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The child actor turned IT specialist

The child actor turned IT specialist

Swapneil Diwaan was a child actor in India, he thought he would become a doctor but ended up working in ICT

His first name means “visionary” and can also be literally translated as “dreamer”. And that is exactly how Swapneil Diwaan likes to think of himself. Diwaan has been part of Gen-i’s procurement team since November last year and has been busy looking after about 100 of Gen-i’s corporate customers.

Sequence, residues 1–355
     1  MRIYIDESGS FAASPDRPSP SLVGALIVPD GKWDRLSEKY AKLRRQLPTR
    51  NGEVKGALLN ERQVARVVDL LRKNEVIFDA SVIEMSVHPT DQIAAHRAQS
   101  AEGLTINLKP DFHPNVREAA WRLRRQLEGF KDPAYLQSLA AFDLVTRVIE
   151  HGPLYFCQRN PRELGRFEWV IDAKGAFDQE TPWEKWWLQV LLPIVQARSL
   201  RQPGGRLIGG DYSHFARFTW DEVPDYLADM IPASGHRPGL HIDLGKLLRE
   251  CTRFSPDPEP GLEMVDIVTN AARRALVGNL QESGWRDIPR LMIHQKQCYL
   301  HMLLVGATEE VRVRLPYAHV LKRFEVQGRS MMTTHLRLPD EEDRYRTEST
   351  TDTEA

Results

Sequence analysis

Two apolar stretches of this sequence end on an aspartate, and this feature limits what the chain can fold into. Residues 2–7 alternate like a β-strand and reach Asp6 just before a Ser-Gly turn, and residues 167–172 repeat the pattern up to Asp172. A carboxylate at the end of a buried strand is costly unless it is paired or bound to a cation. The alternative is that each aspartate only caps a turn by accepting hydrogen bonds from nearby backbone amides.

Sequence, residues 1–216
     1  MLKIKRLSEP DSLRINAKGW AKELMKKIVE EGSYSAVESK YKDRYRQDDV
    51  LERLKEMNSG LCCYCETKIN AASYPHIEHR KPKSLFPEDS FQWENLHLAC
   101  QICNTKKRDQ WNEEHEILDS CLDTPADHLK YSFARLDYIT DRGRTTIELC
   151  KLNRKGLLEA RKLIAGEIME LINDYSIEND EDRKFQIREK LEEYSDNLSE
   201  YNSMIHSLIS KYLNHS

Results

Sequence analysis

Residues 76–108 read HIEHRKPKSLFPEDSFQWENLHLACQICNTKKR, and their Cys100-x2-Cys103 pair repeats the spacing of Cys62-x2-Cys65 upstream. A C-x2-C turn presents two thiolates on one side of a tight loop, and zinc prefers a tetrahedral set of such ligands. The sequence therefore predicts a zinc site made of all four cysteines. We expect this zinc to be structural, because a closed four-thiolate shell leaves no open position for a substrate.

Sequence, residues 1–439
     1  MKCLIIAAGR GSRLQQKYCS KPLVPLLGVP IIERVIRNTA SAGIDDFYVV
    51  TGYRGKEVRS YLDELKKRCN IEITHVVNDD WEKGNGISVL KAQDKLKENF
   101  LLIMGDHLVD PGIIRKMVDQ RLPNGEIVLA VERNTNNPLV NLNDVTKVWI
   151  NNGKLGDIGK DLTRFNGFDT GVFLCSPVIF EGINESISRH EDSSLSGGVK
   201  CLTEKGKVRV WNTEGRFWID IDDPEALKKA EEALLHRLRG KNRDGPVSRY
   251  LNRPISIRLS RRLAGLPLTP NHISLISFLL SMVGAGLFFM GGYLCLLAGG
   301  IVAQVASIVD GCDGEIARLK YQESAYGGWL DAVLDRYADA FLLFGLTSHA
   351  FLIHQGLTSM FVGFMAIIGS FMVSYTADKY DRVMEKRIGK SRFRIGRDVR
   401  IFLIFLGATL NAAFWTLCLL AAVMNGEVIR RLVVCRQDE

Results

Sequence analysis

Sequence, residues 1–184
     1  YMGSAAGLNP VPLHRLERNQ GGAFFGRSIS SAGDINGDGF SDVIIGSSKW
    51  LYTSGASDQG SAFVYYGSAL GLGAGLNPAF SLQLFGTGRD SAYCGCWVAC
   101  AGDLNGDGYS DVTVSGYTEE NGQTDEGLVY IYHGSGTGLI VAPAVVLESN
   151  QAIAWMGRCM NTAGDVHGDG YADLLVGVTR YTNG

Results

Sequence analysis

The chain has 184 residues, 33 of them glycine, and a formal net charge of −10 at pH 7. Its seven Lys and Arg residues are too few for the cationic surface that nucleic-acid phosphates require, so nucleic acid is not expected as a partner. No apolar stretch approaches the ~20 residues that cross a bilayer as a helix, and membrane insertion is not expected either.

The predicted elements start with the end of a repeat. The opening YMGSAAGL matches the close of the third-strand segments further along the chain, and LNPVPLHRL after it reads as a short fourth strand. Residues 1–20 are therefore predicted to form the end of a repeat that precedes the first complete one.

Diwaan was born in Mumbai, India, where he also grew up. Both of his parents and sister are doctors so he always thought that would be his career path too. “While growing up, I saw three doctors at home, parents and then elder sister, and soon realised, I was more into technology than bio-sciences. Later, I was all geared up to become a photographer and film maker, and pursued it to some extent,” he recalls. Diwaan took programming courses while still in school in India and soon became fascinated with that world, as it also allowed him to explore his creativity. The move away from the medical school plans, he says, was almost a natural one: “If you see too much of one thing, you tend to move away from it.” He ended up starting a career as a child actor in India, acting in a number of films and TV series on national television. His career path since those times in the spotlight has been nothing short of diverse: “As an adult, I have worked as a door-to-door computer salesman, as a call centre CSR serving mobile customers from AT&T US, as intern with Dun & Bradstreet in Risk Management Solutions and telemarketing executive with APN Holdings,” he lists. He has also had a number of ICT roles, including roles at Renaissance, Total Network and Orb Communications. “The combined telco and IT experience has helped me build an ICT specialist profile,” he says. He believes his role at Gen-i, while technical, still allows him to use his creativity. He says he does not like to be labelled or categorised and fitting into one job title is not always easy. If asked what he does for a living, Diwaan says: “I work in the ICT industry in New Zealand, l love to look after customers and design solutions that are a win-win for everyone involved.” According to him, he chooses to refer to the industry he is in as ICT rather than IT because the communications component of it is so important. “The pace in reseller-land is very fast. The customer is king. It’s at this level that you really feel it,” says Diwaan. “Whatever project they have, that means hardware and it comes to me to spec up. I work with client managers to design a solution and negotiate pricing to get the best deal for the client,” he adds. “As a corporate IT specialist, clients expect us to know everything about everything. And why not? We are in the business of making it easy for clients to manage their IT needs,” he further adds. “A typical day involves researching on new products, negotiating pricing, attending client meetings and designing a solution to get a win-win for clients and vendors.” Diwaan believes that working in New Zealand has its own set of challenges and he embraces those as opportunities to innovate. “In a small market like New Zealand you need to be more creative and you really have to innovate. It’s more challenging but also more exciting. I love the fact that I’m adding some value.” From his role at Gen-i, Diwaan sees activity in the industry picking up this year. “This isn’t necessarily translating into sales,” he says, “but in three to six months maybe I’ll be cracking up the targets. I’m definitely optimistic, we’re picking up new clients all the time.” This year, Diwaan is focused on consolidating his position at Gen-i, “show them that I’m a team player and get certifications”. Q+A Where do you live now and where did you grow up and have lived before? I live in Auckland and grew up in Mumbai, India. I completed 5 years in NZ, this Waitangi day! Are you married? Kids? I am married to a beautiful and graceful lady and have a son who is 6 months old. What are you currently reading? Trying to read Steve Jobs Autobiography by Walter Isaacson, when not changing diapers. Who is your mentor? Or someone you admire professionally? My parents have been my mentors in all walks of life. They have taught me everything I know, and don’t know yet! Profesisonally, I am still seeking a mentor. What would be the best advice you could give to someone in the same business as you? I don’t believe I am at a stage where I can give people advice. But I live by the following advice some of the seniors gave me – knowledge, integrity and hard work all pays off in the end. If it hasn’t yet, it’s not the end! So keep trying. Do you have any favourite sports? It will sound obvious but I loved cricket. In NZ, I played as top order batsman for a team in Onehunga Cricket Association tournament for 2 seasons. Currently, am playing inter-club at very amateur level with Lynfield Tennis Club. Besides, these I represented my school & college in cricket and table tennis. What's your favourite gadget? My favourite gadget will have to be my iPad2. Just love it! And your favourite website? Knowledge@Wharton (http://knowledge.wharton.upenn.edu/index.cfm) and YouTube – especially TED videos. What's your drink of choice? Glenfiddich - Scotch What do you think has been the single most important advance in technology? I believe with the current pace of innovation in various disciplines like biotechnology, nanotechnology, fibre optics etc, anything I say would be debatable. I guess a simplistic choice would be to say “internet / networking” If you weren't in technology, what would you be doing? Making films and writing books.


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